New lamps for old : the activities of Sir Rex De Charembac Nan Kivell as a collector and dealer of fine art
Sir Rex Nan Kivell (1898-1977) was a New Zealand-born art dealer and collector, who was managing director of the Redfern Gallery in London's Mayfair from 1931 to 1965. His birth was illegitimate and the father is not known. His name was registered as Reginald Nankivell. He was brought up by his grandparents, a fisherman and a domestic servant of New Brighton. He was educated at New Brighton School and subsequently worked as a trainee bookbinder at AC. Andrews Ltd in Christchurch. In 1916 he joined the New Zealand Expeditionary Force, arriving in England in 1917. He was invalided out of the trenches in France with influenza and listed as 'sick' for the remainder of the war. Around 1918 he affected the name Rex de Charembac Nan Kivell. Following his discharge he formed a friendship with a spinster in Wiltshire, Fanny Hulbert, who made him her 'adopted son' and heir. In 1925 he joined the staff of the Redfern Gallery, an art gallery specialising in works by staff and students of the major London art schools. He also worked as a servant to the Assize Court Circuit. He began to collect historical material relating to Australia, New Zealand and the Pacific. In 1930 he gifted a collection of Bronze Age artefacts to the Devizes Museum. Nan Kivell steered the Redfern Gallery successfully through the aftermath of the stock market crash. His personal wealth increased through the 1930s due to an inheritance from Hulbert and his efforts as a dealer. Between 1938 and 1946 he became the leading private collector of Australian and Pacific historical material in London, investing the profits from his contemporary art dealing into his 'Australasian' collection. In 1946 he began negotiating the transfer of this collection to the Commonwealth National Library in Canberra. Following protracted negotiations the Australian Commonwealth purchased the collection in 1959 for £70,000. He gifted a second collection to the National Library of Australia, and was awarded a CBE, in 1966. During the Second World War Nan Kivell cemented the Redfern Gallery's position by continuing to trade through the Blitz, making the gallery a focal point for British patriotism in the visual arts. After the war Nan Kivell was recognised as one of London's leading dealers. As prices soared for modem paintings the gallery's profits increased. Nan Kivell retired around 1965, passing the managing role to Harry Tatlock Miller. He spent the last twelve years of his life at his house 'El Farah' in Tangier, Morocco, working on his grandiose book Portraits of the Famous and Infamous (London, 1970). He died in June 1977, leaving a substantial personal estate. The estate sold an important collection of twentieth-century British printmaking in October 1977. Nan Kivell's obsession with honours may have derived from his illegitimate birth and anxiety about social status. In the 1960s he affected the Danish Order of Dannebrog, almost certainly spuriously. He was knighted for services to the arts in 1977, on the recommendation of the Australian Government, ending a long personal quest for this honour.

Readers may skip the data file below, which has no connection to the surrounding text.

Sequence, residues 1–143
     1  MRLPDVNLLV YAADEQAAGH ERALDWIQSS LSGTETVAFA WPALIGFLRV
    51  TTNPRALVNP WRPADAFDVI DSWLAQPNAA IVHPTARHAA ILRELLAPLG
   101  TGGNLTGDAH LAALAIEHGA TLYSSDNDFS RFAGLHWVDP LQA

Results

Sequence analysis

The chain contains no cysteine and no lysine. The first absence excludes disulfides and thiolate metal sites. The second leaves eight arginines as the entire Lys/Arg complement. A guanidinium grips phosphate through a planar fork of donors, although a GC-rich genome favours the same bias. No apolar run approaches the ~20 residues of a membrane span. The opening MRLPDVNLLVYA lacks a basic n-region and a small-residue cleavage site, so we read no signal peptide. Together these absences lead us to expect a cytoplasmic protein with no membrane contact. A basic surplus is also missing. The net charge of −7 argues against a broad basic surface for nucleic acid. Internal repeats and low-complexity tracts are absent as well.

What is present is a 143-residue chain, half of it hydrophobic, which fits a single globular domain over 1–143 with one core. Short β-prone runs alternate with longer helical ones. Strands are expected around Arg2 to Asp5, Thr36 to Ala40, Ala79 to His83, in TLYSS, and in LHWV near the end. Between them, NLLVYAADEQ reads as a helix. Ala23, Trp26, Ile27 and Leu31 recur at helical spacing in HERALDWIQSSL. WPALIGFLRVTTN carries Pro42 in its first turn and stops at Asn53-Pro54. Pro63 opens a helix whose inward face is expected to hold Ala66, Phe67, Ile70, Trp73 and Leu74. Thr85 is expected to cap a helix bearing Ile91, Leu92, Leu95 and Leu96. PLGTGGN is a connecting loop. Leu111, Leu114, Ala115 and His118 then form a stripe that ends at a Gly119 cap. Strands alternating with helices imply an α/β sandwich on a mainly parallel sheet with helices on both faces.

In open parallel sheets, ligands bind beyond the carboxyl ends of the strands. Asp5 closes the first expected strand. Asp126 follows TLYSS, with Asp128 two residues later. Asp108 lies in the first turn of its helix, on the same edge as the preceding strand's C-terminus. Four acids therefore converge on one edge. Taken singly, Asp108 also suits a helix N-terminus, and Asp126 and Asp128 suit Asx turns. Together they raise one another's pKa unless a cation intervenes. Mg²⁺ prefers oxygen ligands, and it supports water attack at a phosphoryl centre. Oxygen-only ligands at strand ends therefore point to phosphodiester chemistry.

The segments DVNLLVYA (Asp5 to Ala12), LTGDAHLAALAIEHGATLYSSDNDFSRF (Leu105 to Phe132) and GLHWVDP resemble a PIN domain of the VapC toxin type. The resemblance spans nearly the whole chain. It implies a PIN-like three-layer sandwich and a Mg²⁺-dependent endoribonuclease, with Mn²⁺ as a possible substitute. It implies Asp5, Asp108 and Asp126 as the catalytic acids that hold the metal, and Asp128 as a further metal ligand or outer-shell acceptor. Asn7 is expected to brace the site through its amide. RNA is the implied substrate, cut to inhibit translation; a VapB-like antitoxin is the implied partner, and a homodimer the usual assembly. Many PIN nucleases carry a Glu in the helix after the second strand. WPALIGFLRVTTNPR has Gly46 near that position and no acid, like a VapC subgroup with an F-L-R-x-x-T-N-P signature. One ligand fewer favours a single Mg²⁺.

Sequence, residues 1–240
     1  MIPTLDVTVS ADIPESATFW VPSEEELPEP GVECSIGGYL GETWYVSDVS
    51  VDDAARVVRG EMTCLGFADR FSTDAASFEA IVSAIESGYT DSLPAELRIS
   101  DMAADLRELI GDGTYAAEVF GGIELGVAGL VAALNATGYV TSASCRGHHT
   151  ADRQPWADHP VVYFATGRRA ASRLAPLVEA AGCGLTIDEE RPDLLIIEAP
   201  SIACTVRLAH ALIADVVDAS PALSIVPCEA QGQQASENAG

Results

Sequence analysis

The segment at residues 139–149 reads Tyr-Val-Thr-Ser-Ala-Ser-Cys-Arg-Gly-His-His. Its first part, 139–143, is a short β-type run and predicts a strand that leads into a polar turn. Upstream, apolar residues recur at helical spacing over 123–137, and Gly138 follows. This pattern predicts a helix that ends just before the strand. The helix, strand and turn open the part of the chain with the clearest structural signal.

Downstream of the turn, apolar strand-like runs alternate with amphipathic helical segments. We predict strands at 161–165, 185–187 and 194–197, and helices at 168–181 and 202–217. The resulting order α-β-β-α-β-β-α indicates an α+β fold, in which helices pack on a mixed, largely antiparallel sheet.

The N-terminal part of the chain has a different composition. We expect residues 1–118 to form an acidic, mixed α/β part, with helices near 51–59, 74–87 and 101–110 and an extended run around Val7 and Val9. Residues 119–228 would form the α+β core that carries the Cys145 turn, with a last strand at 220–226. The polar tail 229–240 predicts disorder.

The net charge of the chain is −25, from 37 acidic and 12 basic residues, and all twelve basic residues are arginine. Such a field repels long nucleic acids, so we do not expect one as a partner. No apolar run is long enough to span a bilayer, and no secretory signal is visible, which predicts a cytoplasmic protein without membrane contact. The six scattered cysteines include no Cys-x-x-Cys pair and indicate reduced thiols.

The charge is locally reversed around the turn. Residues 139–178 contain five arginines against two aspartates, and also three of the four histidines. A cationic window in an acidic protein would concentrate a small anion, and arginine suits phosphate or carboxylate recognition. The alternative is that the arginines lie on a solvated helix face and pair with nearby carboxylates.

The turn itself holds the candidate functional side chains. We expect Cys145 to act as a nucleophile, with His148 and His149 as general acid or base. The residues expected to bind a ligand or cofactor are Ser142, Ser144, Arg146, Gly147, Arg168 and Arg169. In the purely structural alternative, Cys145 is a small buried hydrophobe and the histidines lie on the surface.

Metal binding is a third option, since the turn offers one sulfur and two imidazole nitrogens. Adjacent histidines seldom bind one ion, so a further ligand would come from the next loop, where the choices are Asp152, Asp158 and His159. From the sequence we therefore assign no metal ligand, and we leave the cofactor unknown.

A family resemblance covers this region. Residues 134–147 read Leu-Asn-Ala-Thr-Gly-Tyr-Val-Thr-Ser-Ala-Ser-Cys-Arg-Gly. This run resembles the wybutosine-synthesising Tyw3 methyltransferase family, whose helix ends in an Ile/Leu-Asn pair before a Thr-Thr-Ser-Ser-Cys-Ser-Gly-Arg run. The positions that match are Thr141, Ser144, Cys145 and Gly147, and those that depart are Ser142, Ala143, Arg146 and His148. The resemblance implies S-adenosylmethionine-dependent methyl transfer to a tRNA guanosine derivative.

Advisor: Stupples, Peter; Collins, Roger
Degree Name: Doctor of Philosophy
Degree Discipline: Art history
Publisher: University of Otago
Research Type: Thesis